restoring our biblical and constitutional foundations


A Marriage Made In Hell

 David Alan Black 

The motivation behind my website, Dave Black Online, is very simple. It is an outgrowth of a deep concern on my part about the health of evangelical Christianity. In my view, evangelicals have become the handmaidens of the New Right, and this development, rather than being healthy for the church, has crippled orthodox Christianity.

The eager advocates of a right-wing politico-economic line have been allowed almost exclusive claim to the evangelical church's identity. But to equate Christianity with a political party, as many have done with the GOP, is to be guilty of idolatry. It is, simply put, a violation of the Second Commandment.

It is amazing to me to see how those who are so outspoken in support of the inerrancy, inspiration, and authority of the Bible should have fallen for this deception. "Evangelical discernment" has become an oxymoron. New Testament scholar Dr. Harold O. J. Brown utters this warning:

It would be better to shuck off all pretense that the United States is a Christian nation. We should call it a "pagan nation, inhabited by a minority of committed Christians." [T]o condemn the nation, in effect, in order that some may be saved from the general wreckage, is no easy choice. Even a great evangelist like Billy Graham, whose calling is to summon men from complacent self-satisfaction to make an honest decision before God, cannot face the choice; at his crusades the old and ambiguous image of Christian America is constantly reinvoked (The Protest of a Troubled Protestant [Arlington House, 1969] pp. 72-73).

I agree. The church's preoccupation with the world is a disaster of the first order. Our nation's evangelical leaders overwhelmingly urged Christians to vote for Bush, which they did in overwhelming numbers. The result is a new era of unilateralism in the fight against "terrorism" that is sure to advance the totalitarian agenda of those who believe in Big Brother-style government.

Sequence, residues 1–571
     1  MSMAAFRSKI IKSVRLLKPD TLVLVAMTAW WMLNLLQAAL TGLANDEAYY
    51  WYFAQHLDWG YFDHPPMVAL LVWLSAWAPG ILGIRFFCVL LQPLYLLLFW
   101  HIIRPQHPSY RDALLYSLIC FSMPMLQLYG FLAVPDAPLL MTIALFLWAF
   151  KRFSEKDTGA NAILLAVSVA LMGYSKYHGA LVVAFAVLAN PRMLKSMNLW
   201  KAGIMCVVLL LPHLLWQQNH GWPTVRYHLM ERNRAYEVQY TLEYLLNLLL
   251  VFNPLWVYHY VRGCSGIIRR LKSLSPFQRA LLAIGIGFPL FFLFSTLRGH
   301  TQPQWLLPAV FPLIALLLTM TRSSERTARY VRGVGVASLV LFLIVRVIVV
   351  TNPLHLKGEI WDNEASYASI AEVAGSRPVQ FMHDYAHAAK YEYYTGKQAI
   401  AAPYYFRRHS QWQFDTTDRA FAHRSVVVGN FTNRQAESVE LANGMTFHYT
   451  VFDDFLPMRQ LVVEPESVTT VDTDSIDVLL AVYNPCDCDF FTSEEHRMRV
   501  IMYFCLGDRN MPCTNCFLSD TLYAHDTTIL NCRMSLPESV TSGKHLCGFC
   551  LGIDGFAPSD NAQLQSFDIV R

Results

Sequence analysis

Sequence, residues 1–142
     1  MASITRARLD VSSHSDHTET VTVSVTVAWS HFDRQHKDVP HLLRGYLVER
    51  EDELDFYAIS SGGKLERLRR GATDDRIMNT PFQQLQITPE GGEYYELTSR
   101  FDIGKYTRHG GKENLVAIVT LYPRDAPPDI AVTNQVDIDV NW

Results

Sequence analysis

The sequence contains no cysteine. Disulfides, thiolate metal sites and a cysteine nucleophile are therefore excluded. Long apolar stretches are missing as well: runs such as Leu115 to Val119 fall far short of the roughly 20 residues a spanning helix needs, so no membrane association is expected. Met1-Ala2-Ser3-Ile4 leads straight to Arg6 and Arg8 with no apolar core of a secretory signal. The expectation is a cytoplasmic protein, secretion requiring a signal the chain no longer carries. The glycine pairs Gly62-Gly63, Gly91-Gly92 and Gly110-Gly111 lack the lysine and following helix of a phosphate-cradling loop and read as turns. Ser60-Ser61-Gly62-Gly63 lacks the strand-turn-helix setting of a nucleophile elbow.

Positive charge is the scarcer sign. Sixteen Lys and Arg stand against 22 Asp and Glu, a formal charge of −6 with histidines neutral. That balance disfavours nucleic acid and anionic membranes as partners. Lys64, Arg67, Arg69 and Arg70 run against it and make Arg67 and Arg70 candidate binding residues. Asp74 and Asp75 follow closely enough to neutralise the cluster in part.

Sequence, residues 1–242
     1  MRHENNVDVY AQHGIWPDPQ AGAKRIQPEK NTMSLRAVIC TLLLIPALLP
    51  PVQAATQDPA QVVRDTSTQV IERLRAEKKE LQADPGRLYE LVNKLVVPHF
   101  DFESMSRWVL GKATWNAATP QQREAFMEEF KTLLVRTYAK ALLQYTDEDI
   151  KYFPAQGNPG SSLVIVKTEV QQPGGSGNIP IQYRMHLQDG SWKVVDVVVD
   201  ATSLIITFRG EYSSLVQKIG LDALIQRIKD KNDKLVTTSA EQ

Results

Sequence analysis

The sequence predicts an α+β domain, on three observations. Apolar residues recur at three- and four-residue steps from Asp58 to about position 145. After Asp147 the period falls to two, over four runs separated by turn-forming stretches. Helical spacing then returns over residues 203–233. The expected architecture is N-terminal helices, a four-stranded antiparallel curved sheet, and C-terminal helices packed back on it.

Speaking in Halifax, Canada, on Wednesday Mr. Bush challenged international leaders to create a New World Order, reiterating his policy of preemption and declaring pre-September 11 multilateralism outmoded. In his first major foreign policy speech since his reelection, the president restated his administration's goals: to reform multilateral institutions, to prosecute the war on terrorism, and to spread democracy in the Middle east. "Defense alone is not a sufficient strategy," he said. "There is only one way to deal with enemies who plot in secret and set out to murder the innocent and the unsuspecting: We must take the fight to them."

Bush claims his victory in November has given him a mandate to pursue this bellicose foreign policy. And he is partly right. He has been handed imperial prerogatives on a silver platter, and woe to anyone who dares question the status quo. It is astonishing to note how many Bush followers can exclaim with a straight face that God is on our side. The Bush foreign policy is nothing less than a dangerous mixture of self-interest, ruthlessness, and utopian idealism. Are these hallmarks of a Christian nation?

We cannot sow the wind of militarism without reaping the whirlwind of disaster in the form of a second Vietnam. "By their fruits ye shall know them," said our Lord. And what have been the fruits of our policies? The erosion of our civil liberties. Grossly perverted national priorities. Intense human suffering and misery. And all of this will almost certainly  lead to eventual bankruptcy.

The union of evangelical Christianity and Christian Americanism is a marriage made in hell. It gives me no joy to say it, but this unequal yoke between Christ and Caesar, if not addressed and reversed, will spell disaster for the church of the twenty-first century.

December 4, 2004

David Alan Black is the editor of He is the author of Why I Stopped Listening to Rush and numerous other books.

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